Our best bet on supply chain finance the receivable finance model (Factoring) has been riddled with challenges in India. Blame it on not one but many factors. One, for example, is appalling NPAs which has pushed the financial systems into a horrendous loop of elaborate verifications and demanding documentation. Verification and Documentation being directly proportional to each other, fuels this loop. More verification requires more documentation and this, in turn, demands more verifications. This vicious cycle makes transacting a deal into a cumbersome ordeal where both the financer and the customer is tested to the breaking point. Thus instead of making the system candour, which is supposed to give simple and unsecured funding to the needy small and medium scale units, it takes away the simplicity and ease of operation.
The process needs to ascertain that the underlying trade has happened. There is no double finance from the banking system. The acceptance of the buyer is genuine. The buyer has accepted the assignment of the receivable and the payment will be sent to the financer by the buyer on the due date.
The process today starts with a ledger audit and verifications on the buyer and supplier. It goes on to verify the transaction documents. Phone calls to buyer material receiving and payables departments, vetting of transport documents, reference checks to bankers, and multiple observations and clarifications to be rectified by the seller. On the top of its very high cost of finance. This whole process of onboarding and transaction is very time-consuming, which brings in resistance from all the parties buyers, sellers and existing working capital bankers to provide the required references and documents such as NOC from banks, accepted notice of assignment from buyer and answer to the various verification calls. Genuine customers will find it hard to tolerate all this and stick to this process. They soon will junk this for normal working capital from banks.
What even make things worse is the fact that NBFC population is very high and effectively regulating this entire market is a challenge.
TReDS is a RBI regulated trading platform for buying and selling receivables on a bidding model. RBI under the Payment and Settlement System (PSS) Act 2007 has issued TReDS license to only three companies in India till now, one of which is Mynd Solutions.
This is an open architecture system which is transparent to all the stakeholders and end to end automated and digital.
After providing KYC and respective documentation The MSME sellers, their buyers and interested Financiers can get registered on the platform. Once registered, the sellers or Buyers can upload the invoices/ BOEs (Bills of Exchange) onto the platform. The complete process is digitalized and uses minimum human intervention. These Invoices/BOEs is made visible to the buyers who can ascend their acceptance for payment on the due date.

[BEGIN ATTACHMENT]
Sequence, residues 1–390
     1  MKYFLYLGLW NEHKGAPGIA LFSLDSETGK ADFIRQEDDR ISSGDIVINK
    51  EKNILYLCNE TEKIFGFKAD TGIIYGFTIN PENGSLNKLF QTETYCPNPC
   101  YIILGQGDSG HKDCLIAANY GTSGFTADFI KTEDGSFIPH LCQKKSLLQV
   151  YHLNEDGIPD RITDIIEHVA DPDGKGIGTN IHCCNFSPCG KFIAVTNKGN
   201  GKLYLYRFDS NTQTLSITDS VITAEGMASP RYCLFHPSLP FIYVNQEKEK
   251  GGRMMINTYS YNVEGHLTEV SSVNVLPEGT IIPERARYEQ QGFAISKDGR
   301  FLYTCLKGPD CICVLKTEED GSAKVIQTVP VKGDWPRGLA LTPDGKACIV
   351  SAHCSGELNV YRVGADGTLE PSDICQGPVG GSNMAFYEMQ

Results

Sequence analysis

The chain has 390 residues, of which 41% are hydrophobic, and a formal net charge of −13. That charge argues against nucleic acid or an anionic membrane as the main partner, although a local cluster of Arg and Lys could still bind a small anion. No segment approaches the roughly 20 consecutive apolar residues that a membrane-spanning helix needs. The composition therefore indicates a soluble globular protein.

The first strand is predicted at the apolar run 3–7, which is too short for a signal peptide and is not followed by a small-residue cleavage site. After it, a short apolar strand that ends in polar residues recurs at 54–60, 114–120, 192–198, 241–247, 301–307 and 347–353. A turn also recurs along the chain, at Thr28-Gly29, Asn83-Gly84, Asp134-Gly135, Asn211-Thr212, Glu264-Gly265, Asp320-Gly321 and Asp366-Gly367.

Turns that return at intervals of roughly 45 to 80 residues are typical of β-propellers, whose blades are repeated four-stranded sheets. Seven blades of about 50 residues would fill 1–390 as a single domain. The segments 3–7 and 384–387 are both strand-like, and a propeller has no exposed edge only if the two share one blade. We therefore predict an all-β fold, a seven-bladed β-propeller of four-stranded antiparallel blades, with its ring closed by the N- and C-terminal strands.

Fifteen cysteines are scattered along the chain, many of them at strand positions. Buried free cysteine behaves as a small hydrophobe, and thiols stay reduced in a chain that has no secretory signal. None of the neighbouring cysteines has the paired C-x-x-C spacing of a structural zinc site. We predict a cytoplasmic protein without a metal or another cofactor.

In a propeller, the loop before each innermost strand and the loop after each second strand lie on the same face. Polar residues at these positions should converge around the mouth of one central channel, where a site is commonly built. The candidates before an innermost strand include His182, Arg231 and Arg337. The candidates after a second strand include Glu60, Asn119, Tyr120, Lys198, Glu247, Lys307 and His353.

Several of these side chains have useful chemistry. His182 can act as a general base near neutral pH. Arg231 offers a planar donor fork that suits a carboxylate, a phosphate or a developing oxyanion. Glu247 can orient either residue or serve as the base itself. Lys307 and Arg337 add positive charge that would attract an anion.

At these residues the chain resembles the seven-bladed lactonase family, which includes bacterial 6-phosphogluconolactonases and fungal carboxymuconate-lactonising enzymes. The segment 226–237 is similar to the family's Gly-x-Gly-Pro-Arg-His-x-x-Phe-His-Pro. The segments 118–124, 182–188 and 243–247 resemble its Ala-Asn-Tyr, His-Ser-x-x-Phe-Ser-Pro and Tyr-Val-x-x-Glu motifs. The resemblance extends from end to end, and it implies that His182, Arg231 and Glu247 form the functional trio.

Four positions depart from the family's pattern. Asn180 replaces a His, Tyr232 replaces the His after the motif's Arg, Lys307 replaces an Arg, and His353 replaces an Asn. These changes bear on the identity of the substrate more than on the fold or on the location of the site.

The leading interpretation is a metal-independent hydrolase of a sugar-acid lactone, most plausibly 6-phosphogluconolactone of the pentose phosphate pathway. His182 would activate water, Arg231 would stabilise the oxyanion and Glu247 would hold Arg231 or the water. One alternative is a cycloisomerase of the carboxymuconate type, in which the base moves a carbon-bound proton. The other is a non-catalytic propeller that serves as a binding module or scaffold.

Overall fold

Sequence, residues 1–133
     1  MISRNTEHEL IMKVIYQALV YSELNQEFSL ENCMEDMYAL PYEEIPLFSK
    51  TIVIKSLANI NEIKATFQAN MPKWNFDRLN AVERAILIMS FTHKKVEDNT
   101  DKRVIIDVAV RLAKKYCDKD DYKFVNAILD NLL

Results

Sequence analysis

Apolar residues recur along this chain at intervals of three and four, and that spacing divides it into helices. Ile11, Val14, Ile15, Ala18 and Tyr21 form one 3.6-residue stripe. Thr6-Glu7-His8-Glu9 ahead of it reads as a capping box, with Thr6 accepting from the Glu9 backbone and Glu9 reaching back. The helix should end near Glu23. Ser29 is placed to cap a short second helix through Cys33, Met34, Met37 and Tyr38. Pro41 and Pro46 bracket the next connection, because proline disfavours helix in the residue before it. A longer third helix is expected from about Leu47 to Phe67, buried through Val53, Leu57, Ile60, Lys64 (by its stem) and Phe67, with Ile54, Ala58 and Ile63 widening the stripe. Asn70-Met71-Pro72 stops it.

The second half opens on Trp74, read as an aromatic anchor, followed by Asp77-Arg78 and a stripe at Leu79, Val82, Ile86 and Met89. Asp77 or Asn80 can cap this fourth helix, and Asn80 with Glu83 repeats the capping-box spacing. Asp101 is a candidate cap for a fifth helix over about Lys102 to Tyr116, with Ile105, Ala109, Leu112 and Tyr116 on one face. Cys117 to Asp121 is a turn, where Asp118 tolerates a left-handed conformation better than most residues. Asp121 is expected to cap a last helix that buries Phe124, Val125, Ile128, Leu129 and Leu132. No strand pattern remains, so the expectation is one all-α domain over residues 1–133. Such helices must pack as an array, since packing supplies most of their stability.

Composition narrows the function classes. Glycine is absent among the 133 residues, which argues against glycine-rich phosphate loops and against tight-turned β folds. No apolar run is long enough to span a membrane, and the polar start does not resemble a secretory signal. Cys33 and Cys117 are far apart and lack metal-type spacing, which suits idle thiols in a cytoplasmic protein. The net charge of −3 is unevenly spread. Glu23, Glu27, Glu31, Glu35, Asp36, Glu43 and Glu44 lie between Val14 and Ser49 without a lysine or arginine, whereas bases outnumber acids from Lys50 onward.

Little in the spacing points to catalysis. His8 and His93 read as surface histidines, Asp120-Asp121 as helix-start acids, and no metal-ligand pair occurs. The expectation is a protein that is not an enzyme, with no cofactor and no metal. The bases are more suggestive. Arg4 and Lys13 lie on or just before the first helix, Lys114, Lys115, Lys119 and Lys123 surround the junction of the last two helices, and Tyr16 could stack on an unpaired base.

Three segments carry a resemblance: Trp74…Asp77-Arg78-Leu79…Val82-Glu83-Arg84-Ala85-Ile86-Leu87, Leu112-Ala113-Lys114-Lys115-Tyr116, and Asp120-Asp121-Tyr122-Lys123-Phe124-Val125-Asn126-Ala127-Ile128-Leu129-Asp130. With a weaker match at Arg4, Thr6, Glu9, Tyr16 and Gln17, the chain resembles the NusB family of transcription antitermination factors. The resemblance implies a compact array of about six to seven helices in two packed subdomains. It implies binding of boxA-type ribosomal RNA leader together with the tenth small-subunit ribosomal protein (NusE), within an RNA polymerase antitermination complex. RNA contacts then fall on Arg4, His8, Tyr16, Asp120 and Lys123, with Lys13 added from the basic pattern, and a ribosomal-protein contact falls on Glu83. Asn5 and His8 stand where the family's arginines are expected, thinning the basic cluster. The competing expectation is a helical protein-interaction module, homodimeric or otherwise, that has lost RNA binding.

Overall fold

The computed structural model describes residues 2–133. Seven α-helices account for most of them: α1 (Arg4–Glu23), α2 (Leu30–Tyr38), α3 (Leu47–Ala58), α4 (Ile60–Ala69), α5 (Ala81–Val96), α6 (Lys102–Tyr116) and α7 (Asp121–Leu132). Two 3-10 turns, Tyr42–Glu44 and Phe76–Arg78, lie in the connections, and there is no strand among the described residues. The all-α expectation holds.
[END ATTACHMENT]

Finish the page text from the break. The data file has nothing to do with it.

Once the invoices/ BOEs are accepted, they are bundled into factoring units ( based on the same due dates) by the system. The factoring units are visible to the financiers along with other stakeholders. Now the financiers can bid for the units. The bids are accepted at the end of the bidding window or at the acceptance of the bid by the seller at any point during the bidding window.
Once the bid is accepted the onward settlement happens by payment from the financier to the supplier. On the due date, the settlement is completed by debiting the Buyer’s account with his bank and crediting the respective financier.
This addresses all the concerns of a current factoring/receivable finance ecosystem. Being an open architecture for onboarding of the buyer and seller on a transparent platform, all stakeholders can transparently see the bill details the validated acceptance the bill value due date etc. Also, the financier can safely assume the repayment of the bill discounted will directly come to him from the buyer in full without any dilution. This enhances the process of getting the receivables for MSME and lowers down the time spent in verification processes and ledger audits.
About the author:
Jacob has served two decades in the banking and finance industry. Currently, he is the COO of M1 Xchange, TReDS Business of Mynd Solutions. He has worked extensively in the supply chain finance space with industry pioneers like Citigroup, HSBC, and ICICI Bank Ltd. Today as a part of his COO role, he is involved in creating a sustainable growth oriented organization.